My wife, Catherine, and I have had the great pleasure of getting to know “Bonefish Stuart” Cleare, both on and off the water. The first time I went fishing with him, as a novice (read: rank beginner) I was full of questions. I still am. But the first time out, I was baffled at the whole process. Why does he choose to go to one spot instead of another? Why are we driving the boat 30 minutes in one direction when we could just go five minutes down the shoreline to a flat even I know of, and spend our (expensive) time fishing and not just burning fuel? Why does he get to a certain spot in the water, cut the engine and jump on the poling platform when as far as I can tell there is no difference between where we are now and where we are going? Patience, young grasshopper, patience. And on we go.

Then, at some point, while I am occupying my time enjoying the scenery both above and below the water, Stuart breaks the silence by calmly saying that there’s a school over there, 10 o’clock, about 50 feet. Probably 10 or so fish. I am now wide awake and scanning the water in front of me, most likely looking more at the surface because I don’t know how to focus my vision on things happening beneath it. Stuart starts to get excited. His voice lowers and his speech slows. Ten o’clock. 50 feet.

It’s hard to describe how a three- to five-pound fish can cause so much commotion when you finally hook one. The water just comes alive. Evidently those fish do not want to be caught, and once they realize they are hooked, your reel will sing as the line sails through the guides of the rod, often bringing you into your backing, once or even twice. And if you thought you were excited, just look over your shoulder and cast a glance at Stuart. This is truly a team effort, so while any fish lost are no one’s fault but my own, any brought to the boat and netted are a shared accomplishment and one to be celebrated regardless of the size of the fish. And then you gently release him back into the water so he can eat and grow and you can both try your luck again, another day.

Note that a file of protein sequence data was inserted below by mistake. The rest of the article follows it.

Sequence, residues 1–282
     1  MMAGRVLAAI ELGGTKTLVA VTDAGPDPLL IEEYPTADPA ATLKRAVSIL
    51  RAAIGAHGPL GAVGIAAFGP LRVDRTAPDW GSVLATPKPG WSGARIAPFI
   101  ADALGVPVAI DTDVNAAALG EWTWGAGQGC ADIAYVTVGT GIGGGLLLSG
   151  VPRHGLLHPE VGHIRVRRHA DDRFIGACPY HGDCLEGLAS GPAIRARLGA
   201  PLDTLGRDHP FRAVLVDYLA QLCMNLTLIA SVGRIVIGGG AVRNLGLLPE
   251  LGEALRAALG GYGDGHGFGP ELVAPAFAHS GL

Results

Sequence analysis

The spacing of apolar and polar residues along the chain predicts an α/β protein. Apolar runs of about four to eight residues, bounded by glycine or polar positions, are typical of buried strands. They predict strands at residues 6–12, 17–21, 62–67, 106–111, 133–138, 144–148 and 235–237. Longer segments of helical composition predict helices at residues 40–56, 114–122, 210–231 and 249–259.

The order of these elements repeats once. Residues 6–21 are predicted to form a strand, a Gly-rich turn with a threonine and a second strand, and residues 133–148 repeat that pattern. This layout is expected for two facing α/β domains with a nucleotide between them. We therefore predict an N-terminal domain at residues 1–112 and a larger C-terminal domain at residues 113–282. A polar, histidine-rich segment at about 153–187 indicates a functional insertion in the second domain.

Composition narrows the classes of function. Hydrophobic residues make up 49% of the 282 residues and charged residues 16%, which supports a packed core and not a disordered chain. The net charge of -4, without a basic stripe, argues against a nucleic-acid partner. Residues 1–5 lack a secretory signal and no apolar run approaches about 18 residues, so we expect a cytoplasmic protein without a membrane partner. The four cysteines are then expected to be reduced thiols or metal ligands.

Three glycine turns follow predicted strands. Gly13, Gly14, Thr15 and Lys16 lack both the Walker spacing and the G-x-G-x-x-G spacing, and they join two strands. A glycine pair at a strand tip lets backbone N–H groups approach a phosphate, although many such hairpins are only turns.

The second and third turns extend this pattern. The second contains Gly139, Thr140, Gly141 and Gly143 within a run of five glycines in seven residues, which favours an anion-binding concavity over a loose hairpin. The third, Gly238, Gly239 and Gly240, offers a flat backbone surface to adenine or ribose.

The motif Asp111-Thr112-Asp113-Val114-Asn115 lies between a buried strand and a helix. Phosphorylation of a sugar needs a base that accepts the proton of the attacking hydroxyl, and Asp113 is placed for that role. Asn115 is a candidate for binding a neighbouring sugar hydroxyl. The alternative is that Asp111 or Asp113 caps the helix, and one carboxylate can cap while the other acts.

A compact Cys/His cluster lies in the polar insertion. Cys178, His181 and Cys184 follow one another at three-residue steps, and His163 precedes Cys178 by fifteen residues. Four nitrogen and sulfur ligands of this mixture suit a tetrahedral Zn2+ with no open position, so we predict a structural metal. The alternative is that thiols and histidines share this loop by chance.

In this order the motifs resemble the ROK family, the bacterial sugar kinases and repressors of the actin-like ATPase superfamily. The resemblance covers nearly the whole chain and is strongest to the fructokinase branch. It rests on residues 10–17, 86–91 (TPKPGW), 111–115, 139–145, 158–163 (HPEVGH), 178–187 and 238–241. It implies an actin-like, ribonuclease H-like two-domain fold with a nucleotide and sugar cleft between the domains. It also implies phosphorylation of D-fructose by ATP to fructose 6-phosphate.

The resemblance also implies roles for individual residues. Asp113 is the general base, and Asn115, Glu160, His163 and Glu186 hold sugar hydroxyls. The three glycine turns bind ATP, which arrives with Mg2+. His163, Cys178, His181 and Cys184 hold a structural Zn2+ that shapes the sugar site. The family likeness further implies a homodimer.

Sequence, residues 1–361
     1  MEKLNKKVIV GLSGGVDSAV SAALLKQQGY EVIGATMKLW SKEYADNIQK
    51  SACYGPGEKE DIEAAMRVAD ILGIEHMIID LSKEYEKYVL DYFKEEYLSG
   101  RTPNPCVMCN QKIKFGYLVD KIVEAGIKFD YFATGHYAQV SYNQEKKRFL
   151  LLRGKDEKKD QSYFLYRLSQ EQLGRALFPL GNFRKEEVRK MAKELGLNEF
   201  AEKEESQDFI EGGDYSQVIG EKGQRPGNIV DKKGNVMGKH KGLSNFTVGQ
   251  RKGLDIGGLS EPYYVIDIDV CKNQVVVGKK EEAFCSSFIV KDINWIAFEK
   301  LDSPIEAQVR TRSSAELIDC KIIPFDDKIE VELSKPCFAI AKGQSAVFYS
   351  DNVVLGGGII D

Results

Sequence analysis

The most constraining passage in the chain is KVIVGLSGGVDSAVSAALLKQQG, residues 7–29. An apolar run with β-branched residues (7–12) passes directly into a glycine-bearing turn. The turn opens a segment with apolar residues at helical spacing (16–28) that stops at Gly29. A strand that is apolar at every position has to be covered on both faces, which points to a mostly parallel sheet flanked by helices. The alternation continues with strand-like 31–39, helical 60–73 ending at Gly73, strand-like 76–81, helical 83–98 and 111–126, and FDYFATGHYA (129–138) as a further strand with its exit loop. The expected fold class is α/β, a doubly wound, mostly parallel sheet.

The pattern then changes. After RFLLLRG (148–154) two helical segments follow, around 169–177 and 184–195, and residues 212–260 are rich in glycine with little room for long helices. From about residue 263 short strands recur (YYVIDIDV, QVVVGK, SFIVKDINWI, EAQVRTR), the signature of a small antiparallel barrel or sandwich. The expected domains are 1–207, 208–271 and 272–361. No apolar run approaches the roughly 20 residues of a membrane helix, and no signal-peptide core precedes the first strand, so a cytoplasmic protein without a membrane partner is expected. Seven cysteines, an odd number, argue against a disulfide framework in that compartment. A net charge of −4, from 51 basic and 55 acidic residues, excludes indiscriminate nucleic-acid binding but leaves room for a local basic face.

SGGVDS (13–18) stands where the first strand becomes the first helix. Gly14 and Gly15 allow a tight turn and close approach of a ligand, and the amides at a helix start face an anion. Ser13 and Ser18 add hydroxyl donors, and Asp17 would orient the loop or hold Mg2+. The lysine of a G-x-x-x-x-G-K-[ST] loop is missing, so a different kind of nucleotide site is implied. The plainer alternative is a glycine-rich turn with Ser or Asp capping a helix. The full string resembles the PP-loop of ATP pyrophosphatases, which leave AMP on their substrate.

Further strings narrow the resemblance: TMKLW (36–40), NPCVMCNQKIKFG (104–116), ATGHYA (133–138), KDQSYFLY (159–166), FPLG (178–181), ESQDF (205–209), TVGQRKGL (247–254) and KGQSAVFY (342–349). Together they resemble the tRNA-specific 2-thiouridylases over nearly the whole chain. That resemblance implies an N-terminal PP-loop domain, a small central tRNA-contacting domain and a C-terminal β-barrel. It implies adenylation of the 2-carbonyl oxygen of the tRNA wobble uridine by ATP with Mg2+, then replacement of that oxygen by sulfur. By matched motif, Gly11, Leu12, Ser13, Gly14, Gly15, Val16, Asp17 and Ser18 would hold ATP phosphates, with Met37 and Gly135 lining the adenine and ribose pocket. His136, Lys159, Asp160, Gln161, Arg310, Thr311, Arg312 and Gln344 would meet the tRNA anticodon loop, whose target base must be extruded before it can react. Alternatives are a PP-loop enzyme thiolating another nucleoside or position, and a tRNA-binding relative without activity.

To speak with Stuart about bonefishing is to learn a lot about his dad, “Bonefish Joe,” and what he meant to Stuart. I never had the pleasure of knowing or fishing with Bonefish Joe, but—perhaps like other experts on other islands—Bonefish Joe was and remains a legend on Harbour Island in the Bahamas.

Stanley Babson, then a homeowner on the island, is acknowledged as having written the very first book on the sport, Bonefishing, in 1965. His writing is full of the adventures that he and Bonefish Joe shared over many years, whole sections describing various outings and conversations relating to bonefish and how to track them—with plenty of success and failure but what seemed always a memorable day on the water. Spending time with Stuart makes me feel that it was his goal to absorb all of the knowledge and experience that his dad could pass on to him, and then continue that legacy by taking his own clients out and creating a memorable experience for them—it seems so far, so good.

I hope this book will bring a smile, or maybe a rolling of the eyes, to readers who can picture their own time with Bonefish Joe, while savoring the nugget after nugget that Stuart offers to those who want to learn more about the techniques of bonefishing and enjoying a few of his own stories along the way.